After 17 years of teaching art and listening to students put themselves down for not having enough “talent,” I decided to employ a growth mindset in art this upcoming school year.
My intention is to get students thinking more about their internal negative conversations and hopefully get them to change those unhealthy beliefs.
I find that students (and some parents) think they’ll be graded on their “talent” as opposed to their ability to try new things. And that simply isn’t true!
Defining Growth Mindset
Having a growth mindset is basically believing that everyone has the same opportunity at learning and growth. It’s understanding that intelligence, ability, and character aren’t fixed.
Carol Dweck, author of “Mindset: The New Psychology of Success” defines these beliefs we hold about ourselves as “self-theories.” These belief systems can cause us to think we’re a “great teacher” or a “poor teacher.” Or in the case of our students, “smart” or “dumb.” They are a barrier for achieving personal and professional growth starting at an early age and can have far-impaction reach into one’s happiness later in life.
The art room is an environment ripe with internal conflict. Students often measure their self-worth based on the work their peers create or even what they feel they should be capable of. They mentally document their self-perceived talents (and that of others) instead of developing their skills.
This in turn generates a fixed mindset where students feel “talent” is a barrier they can’t cross and therefore they won’t try. For them, to be successful means you have to have innate “talent.”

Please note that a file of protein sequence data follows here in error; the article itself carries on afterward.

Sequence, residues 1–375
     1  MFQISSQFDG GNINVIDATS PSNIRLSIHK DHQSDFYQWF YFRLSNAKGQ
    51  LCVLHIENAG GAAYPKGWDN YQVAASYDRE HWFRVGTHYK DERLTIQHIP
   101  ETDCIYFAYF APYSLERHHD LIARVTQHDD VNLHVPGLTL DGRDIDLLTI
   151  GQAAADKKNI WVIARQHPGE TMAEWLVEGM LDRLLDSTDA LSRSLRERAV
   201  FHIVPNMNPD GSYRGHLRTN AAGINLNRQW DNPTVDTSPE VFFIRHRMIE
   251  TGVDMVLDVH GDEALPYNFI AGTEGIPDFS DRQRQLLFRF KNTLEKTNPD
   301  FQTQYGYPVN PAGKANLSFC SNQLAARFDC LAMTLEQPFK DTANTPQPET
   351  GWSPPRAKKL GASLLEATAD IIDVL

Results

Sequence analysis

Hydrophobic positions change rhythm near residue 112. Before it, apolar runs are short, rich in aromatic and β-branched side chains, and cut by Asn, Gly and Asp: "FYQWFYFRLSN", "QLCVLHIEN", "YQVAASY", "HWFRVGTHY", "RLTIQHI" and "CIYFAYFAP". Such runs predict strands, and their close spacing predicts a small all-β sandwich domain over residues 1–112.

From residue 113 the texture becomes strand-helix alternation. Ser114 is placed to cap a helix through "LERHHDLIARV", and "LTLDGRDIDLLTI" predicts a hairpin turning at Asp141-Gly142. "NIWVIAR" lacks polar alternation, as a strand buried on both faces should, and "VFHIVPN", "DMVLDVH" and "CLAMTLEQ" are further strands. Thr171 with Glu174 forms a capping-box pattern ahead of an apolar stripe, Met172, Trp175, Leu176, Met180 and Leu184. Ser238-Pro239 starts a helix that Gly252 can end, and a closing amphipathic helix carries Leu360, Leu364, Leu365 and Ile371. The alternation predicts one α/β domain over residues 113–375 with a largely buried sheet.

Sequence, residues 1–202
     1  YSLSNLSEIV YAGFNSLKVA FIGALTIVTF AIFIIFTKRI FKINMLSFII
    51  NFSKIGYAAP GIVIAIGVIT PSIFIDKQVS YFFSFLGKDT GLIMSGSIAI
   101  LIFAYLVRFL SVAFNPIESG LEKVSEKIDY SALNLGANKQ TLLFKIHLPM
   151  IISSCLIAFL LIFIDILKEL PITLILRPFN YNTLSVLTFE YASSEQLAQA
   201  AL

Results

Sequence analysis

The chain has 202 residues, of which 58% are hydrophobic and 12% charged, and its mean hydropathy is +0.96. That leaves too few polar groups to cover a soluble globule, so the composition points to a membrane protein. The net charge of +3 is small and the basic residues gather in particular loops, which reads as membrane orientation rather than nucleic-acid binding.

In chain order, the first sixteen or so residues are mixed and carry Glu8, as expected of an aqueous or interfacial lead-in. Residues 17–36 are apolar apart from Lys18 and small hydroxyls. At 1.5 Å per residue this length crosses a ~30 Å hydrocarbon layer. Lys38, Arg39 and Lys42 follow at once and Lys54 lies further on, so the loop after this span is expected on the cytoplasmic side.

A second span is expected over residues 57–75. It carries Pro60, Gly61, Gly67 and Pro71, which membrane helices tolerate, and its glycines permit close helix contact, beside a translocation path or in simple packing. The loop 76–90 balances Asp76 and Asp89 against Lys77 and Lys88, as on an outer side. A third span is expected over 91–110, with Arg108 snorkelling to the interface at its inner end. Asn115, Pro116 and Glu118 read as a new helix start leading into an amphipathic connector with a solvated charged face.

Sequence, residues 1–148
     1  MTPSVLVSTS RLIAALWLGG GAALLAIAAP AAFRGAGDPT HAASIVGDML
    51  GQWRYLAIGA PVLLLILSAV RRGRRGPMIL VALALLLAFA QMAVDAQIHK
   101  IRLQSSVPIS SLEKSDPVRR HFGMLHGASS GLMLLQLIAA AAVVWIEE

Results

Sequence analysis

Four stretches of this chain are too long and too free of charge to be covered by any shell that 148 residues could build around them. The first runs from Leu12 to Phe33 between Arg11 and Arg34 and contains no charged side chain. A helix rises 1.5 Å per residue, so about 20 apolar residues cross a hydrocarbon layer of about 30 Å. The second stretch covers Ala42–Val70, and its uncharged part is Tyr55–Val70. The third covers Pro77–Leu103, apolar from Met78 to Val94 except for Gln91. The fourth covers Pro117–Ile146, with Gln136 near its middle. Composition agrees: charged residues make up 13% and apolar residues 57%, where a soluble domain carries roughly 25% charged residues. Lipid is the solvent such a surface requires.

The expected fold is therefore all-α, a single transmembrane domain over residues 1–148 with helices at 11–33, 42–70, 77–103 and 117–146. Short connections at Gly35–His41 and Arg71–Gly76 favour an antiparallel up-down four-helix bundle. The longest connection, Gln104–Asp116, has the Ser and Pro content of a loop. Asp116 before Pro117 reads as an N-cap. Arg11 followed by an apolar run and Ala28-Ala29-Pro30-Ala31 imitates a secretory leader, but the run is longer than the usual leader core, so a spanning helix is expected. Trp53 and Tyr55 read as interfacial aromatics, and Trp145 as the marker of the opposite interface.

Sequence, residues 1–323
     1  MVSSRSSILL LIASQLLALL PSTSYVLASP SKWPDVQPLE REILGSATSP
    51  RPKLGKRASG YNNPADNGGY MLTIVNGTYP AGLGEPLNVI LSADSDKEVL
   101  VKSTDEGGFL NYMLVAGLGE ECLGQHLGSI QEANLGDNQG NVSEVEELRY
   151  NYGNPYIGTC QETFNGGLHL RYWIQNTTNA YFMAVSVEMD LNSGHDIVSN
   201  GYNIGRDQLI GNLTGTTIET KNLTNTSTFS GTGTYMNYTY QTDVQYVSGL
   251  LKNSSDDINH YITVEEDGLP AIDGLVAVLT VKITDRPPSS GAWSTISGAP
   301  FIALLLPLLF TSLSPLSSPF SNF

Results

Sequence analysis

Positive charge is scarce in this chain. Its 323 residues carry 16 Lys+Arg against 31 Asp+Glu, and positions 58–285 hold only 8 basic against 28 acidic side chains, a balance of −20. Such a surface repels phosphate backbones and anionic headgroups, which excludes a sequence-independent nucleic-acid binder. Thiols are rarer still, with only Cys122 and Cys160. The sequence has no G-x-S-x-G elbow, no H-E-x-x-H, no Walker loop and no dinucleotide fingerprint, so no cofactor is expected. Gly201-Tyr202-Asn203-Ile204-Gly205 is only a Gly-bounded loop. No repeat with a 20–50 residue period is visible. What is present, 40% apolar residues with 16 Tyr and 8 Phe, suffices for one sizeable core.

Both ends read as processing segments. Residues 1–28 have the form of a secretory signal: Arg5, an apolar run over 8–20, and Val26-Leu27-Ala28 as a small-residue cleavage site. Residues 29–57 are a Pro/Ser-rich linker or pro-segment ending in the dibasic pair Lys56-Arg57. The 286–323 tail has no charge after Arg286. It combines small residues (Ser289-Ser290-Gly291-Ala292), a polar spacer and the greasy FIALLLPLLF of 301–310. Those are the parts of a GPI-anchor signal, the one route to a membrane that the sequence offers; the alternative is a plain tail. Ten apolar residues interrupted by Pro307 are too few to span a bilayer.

However, a fixed mindset isn’t just about maintaining a negative “self-theory” about yourself.
On the opposite end of the spectrum, a student who believes they have learned all they can on a topic is also placing a barrier for further learning and exploration. These students strive for success and work to avoid failure to maintain their positive “self-theory.”[Side note: Between the two types of students, I have personally found the later to be hard to navigate towards a growth mindset than the former.]
On the contrary, a growth mindset is one where students are working towards skill acquisition and achievement.
Students who employ a growth mindset believe that effort and dedication to learning will lead to success. They thrive on challenges and when unsuccessful, they use it to their advantage to learn and grow further.
These students inner dialog might sound like this: “I’m on the right track” or “I’ll use the art techniques I’ve learned” to improve.
Starting Off the Year Right
To help visualize the concept mindset, I created a giant brain with one half gray and the other half in rainbow colors. I printed out common phrases that I hear students say often. Each has an equivalent growth mindset phrase to accompany the fixed one.
I’m hoping these will appeal more to my older students who I find I need to expend the most amount of energy. I use neutral colors for the “fixed” version as those colors feel more stagnant than the rainbow ones I used to illustrate “growth.”
Growth Mindset Posters for the Classroom
This bulletin board will be used as a means of teaching about mindset. I want my students to understand the basics. And I hope with the phrases listed there, they will recognize their own voice on either side of the brain.
In short, I intend to:
- Demonstrate we all face the same challenges but we internalize it differently.
- Show how being successful at art involves practice and dedication, not “talent.”
- Create more opportunities for peer-to-peer and class-wide critiques in art. I don’t do enough in this area. Students need to learn to hear critiques of their work in order to learn and grow from one another.
- Verbally support student effort and not innate abilities. I think I do this well, but I I’d like to be more cognizant of it.
If you’re looking to employ this philosophy in your art room next year, check out my bulletin board set. It’s designed specifically for art teachers.